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Putnam’s Reynolds: Better Times Call for Active Management

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Robert Reynolds, president and CEO of Putnam Investments, is happy with the state of the U.S. economy.

It isn’t booming, he said earlier today during the keynote presentation at Envestnet’s 14th Annual Advisor Summit in Chicago, but it’s certainly robust enough to boast, among other achievements, a strong financial system, a chance to be energy independent by 2020 and extremely favorable demographics compared  with many other industrialized nations.

Globally, too, things are looking pretty good.

The worst of the European crisis is apparently over, and while emerging markets are going through some challenges, elections in several countries — India, Indonesia, Brazil — will allow a record number of voters to have their say, and hopefully, elected leaders will enact the necessary structural reforms to ensure long-term, sustainable economic growth.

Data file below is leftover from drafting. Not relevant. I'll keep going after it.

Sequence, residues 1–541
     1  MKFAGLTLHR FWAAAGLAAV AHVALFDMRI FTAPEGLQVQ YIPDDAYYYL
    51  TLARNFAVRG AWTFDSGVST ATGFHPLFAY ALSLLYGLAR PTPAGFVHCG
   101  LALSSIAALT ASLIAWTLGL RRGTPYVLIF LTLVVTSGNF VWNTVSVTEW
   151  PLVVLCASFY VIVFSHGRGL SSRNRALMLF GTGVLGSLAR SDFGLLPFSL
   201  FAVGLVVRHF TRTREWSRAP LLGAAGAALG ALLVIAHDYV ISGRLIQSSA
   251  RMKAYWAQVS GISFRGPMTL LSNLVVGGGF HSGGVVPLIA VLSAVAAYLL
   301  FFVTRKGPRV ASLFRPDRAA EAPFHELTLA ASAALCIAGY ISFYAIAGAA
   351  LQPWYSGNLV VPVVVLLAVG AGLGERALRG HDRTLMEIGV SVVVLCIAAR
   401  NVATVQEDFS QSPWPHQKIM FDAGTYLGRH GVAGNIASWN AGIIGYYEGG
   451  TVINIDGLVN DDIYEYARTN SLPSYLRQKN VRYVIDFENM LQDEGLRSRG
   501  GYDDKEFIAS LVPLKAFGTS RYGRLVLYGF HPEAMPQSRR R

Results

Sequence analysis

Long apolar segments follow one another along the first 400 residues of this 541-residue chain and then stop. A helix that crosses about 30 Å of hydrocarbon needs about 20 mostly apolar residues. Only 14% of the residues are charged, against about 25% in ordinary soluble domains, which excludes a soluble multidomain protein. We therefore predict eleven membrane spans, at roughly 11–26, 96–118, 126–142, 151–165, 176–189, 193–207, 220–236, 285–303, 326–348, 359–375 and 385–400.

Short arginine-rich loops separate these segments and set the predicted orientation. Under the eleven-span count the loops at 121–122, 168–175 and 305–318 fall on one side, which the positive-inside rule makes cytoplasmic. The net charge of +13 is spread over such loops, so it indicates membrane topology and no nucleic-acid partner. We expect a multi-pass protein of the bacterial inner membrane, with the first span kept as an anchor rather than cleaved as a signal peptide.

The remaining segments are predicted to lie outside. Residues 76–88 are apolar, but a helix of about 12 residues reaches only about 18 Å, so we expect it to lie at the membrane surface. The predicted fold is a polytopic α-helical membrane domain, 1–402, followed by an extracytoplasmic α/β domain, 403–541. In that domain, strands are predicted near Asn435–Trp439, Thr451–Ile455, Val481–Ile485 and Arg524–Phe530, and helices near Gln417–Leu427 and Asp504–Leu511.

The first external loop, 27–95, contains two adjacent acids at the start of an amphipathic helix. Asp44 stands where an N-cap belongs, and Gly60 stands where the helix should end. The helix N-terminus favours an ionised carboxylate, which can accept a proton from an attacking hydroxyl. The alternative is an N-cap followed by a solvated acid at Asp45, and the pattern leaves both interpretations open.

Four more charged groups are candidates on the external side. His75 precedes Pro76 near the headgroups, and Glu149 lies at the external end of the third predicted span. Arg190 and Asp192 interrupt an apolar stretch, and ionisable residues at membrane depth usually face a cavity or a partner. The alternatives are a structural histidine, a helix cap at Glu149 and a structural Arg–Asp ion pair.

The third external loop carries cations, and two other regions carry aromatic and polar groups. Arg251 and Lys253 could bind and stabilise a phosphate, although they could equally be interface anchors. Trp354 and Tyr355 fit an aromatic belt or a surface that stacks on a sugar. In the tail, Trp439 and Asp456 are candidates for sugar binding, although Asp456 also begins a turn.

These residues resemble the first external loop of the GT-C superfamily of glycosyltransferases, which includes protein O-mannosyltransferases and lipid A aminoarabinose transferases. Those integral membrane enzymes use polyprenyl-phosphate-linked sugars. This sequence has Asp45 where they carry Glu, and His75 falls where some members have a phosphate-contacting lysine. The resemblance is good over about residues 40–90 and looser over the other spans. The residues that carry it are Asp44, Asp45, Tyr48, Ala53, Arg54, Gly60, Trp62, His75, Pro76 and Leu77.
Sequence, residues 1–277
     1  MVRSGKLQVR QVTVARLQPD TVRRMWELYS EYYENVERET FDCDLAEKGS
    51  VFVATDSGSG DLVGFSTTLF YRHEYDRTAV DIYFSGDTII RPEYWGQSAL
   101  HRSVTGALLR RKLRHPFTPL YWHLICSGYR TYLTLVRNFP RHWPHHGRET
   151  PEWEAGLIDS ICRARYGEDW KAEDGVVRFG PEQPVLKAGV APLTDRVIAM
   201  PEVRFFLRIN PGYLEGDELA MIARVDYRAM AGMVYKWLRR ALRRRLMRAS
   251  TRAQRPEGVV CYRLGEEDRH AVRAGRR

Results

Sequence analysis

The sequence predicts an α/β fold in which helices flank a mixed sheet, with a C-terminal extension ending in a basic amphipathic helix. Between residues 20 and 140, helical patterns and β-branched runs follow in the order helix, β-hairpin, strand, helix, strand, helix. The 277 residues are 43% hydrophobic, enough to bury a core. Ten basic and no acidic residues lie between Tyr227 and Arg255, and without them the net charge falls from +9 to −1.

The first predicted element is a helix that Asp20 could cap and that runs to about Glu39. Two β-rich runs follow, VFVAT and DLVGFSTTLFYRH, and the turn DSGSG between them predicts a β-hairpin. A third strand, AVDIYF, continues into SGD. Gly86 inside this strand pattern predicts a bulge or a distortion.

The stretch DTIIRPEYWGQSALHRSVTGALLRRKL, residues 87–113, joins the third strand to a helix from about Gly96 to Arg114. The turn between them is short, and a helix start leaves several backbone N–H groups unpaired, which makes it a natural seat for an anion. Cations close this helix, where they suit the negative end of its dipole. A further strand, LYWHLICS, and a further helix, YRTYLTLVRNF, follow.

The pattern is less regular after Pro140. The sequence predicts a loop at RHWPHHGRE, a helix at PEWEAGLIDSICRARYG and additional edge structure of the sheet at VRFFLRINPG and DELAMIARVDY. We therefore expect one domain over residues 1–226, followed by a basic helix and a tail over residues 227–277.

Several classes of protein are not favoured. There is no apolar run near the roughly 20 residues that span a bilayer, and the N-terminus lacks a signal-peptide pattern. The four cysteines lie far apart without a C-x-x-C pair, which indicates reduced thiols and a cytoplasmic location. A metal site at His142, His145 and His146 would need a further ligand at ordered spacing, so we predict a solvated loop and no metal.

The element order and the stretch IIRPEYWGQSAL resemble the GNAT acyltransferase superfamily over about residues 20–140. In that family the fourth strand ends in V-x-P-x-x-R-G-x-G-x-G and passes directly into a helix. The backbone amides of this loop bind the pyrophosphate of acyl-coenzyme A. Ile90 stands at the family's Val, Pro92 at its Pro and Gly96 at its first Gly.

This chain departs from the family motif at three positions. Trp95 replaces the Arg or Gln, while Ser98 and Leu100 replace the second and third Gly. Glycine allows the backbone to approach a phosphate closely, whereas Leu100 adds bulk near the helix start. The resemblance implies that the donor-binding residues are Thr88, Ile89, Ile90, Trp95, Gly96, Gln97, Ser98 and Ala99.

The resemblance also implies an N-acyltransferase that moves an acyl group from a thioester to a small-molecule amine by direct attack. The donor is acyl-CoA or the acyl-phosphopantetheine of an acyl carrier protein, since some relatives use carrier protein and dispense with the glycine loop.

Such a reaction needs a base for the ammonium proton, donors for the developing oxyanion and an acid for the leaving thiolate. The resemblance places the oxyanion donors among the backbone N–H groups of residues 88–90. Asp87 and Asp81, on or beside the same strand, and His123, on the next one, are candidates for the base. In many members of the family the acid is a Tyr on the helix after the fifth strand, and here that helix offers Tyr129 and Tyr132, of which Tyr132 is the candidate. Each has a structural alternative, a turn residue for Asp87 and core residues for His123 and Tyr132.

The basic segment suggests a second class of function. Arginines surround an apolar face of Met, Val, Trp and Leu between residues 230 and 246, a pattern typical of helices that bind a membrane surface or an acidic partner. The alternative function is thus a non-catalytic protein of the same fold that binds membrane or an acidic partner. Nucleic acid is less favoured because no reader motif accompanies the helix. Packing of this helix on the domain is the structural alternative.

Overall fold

All this is very new, of course, but against a more favorable backdrop — one where globalization continues, Reynolds said, and where “in 10 years, China will be even bigger than it is now” — advisors are going to have to work hard to figure out the best investment options for their clients. The low-interest environment provides an added challenge when seeking to meet retirement goals in particular, Reynolds said, calling on advisors to be nimble and creative in seeking out the best, long-term investment solutions and managers to work with on their clients’ behalf.

For Reynolds, this is the time for active management, for seeking opportunities and value beyond the tried and true, to figure out different ways to manage volatility, all the while embracing new opportunities.

“Today, we’re entering a period where active management can really add premium,” he said.

As life expectancy increases, there’s a greater need to generate income in retirement. Being able to meet those income generation goals means operating in a global environment that lends itself to active management — to stock picking, for example, rather than indexing.

Those who are stock pickers, who are ready to look for different opportunities in various countries across the globe in an active manner, will fare well, Reynolds believes, and those advisors who seek out actively managed funds will be able to add greater value to their clients’ portfolios by capitalizing on individual opportunities within a favorable overall backdrop.


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